A new issue of the journal Journalism has been published. Here are our picks, focusing as always on the European side of journalism research.
Philip Schlesinger and Gillian Doyle, both of University of Glasgow discuss “creative destruction” in their article about news media adjusting to the challenges of both digitalization and the Internet. The article presents case studies of the digital strategies pursued by the British newspapers Financial Times and The Telegraph.
and Lars W. Nord of Mid Sweden University focus on crisis journalism in their article about crucial political events. Olsson and Nord argue that crises are crucial when determining the public’s faith in political actors. They present the case of the financial crisis of 2008 and how the Swedish government managed to succesfully frame the event. They propose that issue framing, in combination with descriptive journalism, contributes to portraying political actors as credible crisis managers rather than tactical politicians.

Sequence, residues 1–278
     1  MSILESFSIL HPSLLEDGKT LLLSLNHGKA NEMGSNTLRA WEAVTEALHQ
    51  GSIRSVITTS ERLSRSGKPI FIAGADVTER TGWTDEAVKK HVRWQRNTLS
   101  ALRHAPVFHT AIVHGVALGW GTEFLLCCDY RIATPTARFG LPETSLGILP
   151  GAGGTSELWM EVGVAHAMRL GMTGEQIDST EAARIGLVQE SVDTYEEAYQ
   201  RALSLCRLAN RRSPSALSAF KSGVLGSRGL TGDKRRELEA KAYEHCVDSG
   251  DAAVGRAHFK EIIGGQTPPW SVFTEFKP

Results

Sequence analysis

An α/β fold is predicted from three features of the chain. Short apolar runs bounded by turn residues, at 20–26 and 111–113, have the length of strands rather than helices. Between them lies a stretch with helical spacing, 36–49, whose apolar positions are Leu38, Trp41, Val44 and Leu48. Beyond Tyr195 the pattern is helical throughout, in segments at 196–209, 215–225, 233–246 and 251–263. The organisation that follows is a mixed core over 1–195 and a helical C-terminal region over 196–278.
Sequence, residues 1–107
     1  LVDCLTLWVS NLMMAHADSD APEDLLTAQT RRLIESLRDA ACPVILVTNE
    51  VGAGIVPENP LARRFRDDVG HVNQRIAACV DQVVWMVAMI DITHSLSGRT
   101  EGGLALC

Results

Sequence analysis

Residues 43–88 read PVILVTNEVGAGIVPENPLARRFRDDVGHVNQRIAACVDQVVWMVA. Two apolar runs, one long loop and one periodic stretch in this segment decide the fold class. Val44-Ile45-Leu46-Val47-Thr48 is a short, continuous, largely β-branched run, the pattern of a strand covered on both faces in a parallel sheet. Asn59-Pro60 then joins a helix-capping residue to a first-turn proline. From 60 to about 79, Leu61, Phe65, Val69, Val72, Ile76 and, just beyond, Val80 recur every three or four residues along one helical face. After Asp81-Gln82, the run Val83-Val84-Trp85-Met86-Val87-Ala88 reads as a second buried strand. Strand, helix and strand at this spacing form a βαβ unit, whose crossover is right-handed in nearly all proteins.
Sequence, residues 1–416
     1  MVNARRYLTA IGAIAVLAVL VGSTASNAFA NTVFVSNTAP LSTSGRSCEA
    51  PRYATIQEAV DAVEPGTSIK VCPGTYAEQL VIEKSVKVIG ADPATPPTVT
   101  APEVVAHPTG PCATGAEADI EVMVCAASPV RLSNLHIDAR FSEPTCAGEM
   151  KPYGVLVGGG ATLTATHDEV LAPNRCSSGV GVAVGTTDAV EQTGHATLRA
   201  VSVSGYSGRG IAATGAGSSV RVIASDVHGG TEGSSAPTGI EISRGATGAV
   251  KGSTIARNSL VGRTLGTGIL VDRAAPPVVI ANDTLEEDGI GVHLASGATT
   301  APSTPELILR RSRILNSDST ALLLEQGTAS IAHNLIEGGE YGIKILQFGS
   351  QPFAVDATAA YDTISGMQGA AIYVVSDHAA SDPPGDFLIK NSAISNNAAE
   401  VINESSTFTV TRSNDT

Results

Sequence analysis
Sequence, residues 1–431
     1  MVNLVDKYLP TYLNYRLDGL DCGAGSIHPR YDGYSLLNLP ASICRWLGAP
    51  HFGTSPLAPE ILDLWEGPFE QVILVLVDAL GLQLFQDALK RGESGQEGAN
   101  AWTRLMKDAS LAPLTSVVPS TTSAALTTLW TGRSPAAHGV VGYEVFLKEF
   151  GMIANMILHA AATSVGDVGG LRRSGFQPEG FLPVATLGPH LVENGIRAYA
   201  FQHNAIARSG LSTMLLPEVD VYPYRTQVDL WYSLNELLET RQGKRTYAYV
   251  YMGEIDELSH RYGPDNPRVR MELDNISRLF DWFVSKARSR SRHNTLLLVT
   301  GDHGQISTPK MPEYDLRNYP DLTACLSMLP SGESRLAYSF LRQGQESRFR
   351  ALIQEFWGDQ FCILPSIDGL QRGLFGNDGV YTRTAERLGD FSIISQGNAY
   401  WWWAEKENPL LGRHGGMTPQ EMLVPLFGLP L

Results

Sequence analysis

Signe Pihl-Thingvad of University of Southern Denmark writes about professional ideals in journalism. She closes on the discrepancies between high ideals and daily working practises. The results of the study suggest that the dissonance between ideal and practise do have a negative impact on journalists’ commitment.
The April 2015 issue of Journalism 16(3) can be accessed here (abstracts public).